How Are Starfish Born?
Starfish, or sea stars, are fascinating marine invertebrates with unique lifestyles and unique ways of reproducing. Have you ever wondered how starfish are born? In this post, we’ll talk all about that. However, let’s start with a quick answer:
Starfish can reproduce in a few ways: sexually (most common) by releasing eggs and sperm into the water where they fertilize, asexually by dividing their bodies, and some sea stars brood their eggs under or inside their bodies.
However, this certainly doesn’t tell the whole story, and in this post, I’ll explain more about how starfish are born and their development process. Read on!
Starfish sexual reproduction (spawning)
Sexual reproduction is the most common way of starfish reproduction. We can divide this process into five stages: spawning, egg, larvae, juvenile, and adult.
Spawning is the common process of releasing the eggs and sperm for all echinoderms, including starfish. During this process, several females release their eggs, and several males release their sperm into the water column, all at the same time.
Starfish sexual organs, called gonads, are located in each arm. During the spawning, the male gonads fill with sperm, and female gonads fill with eggs. Next, they release them through the opening called gonopore.
Most starfish come together during reproduction, and billions of gametes (reproductive cells) are spewed into the water. This increases the likelihood that eggs will be successfully fertilized and won’t be eaten immediately by predators at the bottom of the ocean.
Most sea stars reproduce in a discrete and predictable annual cycle, but many complex environmental factors control their reproduction, such as water temperature, light, or the phase of the moon.
Interestingly, the amount of eggs starfish produce can vary depending on the size and species of the sea star. For example, the crown-of-thorns seastar releases millions of small eggs and vast quantities of sperm into the water. However, the smallest starfish produce only a few eggs.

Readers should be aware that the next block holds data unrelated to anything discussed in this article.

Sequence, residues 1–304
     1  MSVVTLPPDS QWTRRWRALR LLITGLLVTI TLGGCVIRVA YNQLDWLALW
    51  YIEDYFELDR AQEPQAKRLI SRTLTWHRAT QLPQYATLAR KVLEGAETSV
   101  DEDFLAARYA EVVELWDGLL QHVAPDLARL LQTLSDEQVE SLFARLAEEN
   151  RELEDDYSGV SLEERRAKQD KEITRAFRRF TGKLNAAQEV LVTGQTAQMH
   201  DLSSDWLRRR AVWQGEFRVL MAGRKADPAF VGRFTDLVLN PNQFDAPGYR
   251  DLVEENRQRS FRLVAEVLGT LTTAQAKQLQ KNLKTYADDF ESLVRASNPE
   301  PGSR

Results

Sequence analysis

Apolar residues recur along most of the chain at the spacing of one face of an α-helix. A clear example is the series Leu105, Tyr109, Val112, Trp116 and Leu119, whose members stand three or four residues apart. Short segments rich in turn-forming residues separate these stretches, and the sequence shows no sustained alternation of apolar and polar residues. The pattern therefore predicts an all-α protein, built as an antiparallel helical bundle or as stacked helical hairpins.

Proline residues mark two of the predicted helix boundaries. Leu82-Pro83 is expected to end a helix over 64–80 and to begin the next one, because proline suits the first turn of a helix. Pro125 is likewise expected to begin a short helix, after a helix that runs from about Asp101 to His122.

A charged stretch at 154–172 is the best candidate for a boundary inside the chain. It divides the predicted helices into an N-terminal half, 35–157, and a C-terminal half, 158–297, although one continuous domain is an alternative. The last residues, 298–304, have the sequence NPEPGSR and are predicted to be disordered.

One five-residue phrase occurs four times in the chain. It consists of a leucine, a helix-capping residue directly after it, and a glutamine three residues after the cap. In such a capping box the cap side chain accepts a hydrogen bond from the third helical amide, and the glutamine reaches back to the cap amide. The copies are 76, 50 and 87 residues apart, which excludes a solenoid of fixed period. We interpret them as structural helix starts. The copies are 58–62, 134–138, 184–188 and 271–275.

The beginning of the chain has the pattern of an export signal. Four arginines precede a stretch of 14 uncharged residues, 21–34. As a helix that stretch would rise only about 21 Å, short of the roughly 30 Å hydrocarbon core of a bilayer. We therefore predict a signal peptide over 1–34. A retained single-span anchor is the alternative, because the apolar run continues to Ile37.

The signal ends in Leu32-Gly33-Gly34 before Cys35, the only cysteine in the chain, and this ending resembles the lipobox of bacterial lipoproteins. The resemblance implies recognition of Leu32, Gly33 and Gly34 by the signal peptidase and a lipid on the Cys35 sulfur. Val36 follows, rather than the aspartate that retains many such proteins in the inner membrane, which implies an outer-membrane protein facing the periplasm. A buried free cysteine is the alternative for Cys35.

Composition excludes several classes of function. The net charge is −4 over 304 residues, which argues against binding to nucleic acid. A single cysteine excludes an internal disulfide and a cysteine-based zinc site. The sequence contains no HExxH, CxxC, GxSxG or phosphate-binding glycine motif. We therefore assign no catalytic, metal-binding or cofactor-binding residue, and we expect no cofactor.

Once free-floating eggs and sperm are successfully fertilized, the eggs wrap around the zygote (fertilized egg). Successive cell divisions divide the zygote into smaller and more numerous cells forming two, four, and eight-cell embryos.
The following stages of egg development are blastula and gastrula, which begin to take on the appearance of a ball. Watch thenimation below to see the starfish development from egg to adult.
The next stage of starfish development is the larval stage. The egg develops into a bilaterally symmetrical (the left and right halves resemble each other) larva called bipinnaria. The bipinnaria is a free-swimming and feeding larva covered by hair-like organelles.
It starts growing arms with the ciliated bands extending into them and developing an anus. These larvae eat suspended food particles and float for about a few days or weeks before transforming to the next larval stage, called brachiolaria.
Brachiolaria is also a feeding larva, and it grows three short, additional arms. It uses arms to test the substratum and provide an initial, temporary grip during settlement. Once it sinks to the bottom and attaches itself, it starts to metamorphose into the adult form.
Interestingly, some species of starfish develop directly into miniature starfish without an intervening larval stage. Some produce different larvae types, such as yolky nonfeeding brachiolaria, barrel-shaped larva, or yolky nonbrachiolaria larva. These are mostly brooding species that we’ll discuss later.
After the larva settles in suitable habitat and begins metamorphosis. During this process, its body develops into a radial symmetry and starts looking like a miniature sea star. Next, it forms the rest of the organs like the water vascular system, mouth, tube feet, eyes, etc.
The juvenile starfish grows very slowly for the next months, mostly hiding under rocks, far from predators. It feeds on suspended food particles and algae. After a few years, sea stars reach sexual maturity and begin spawning. Interestingly, 30% of a star’s body weight is reproductive material when preparing to spawn.
Starfish reach their adult stage once they’re about two years old and ready to reproduce. Adult sea stars can grow to a diameter even of 40 inches (1 m). However, their size depends on the species, and some can grow only to about 1/2 inch (1.3 cm) like a paddle-spined sea star which is the smallest species.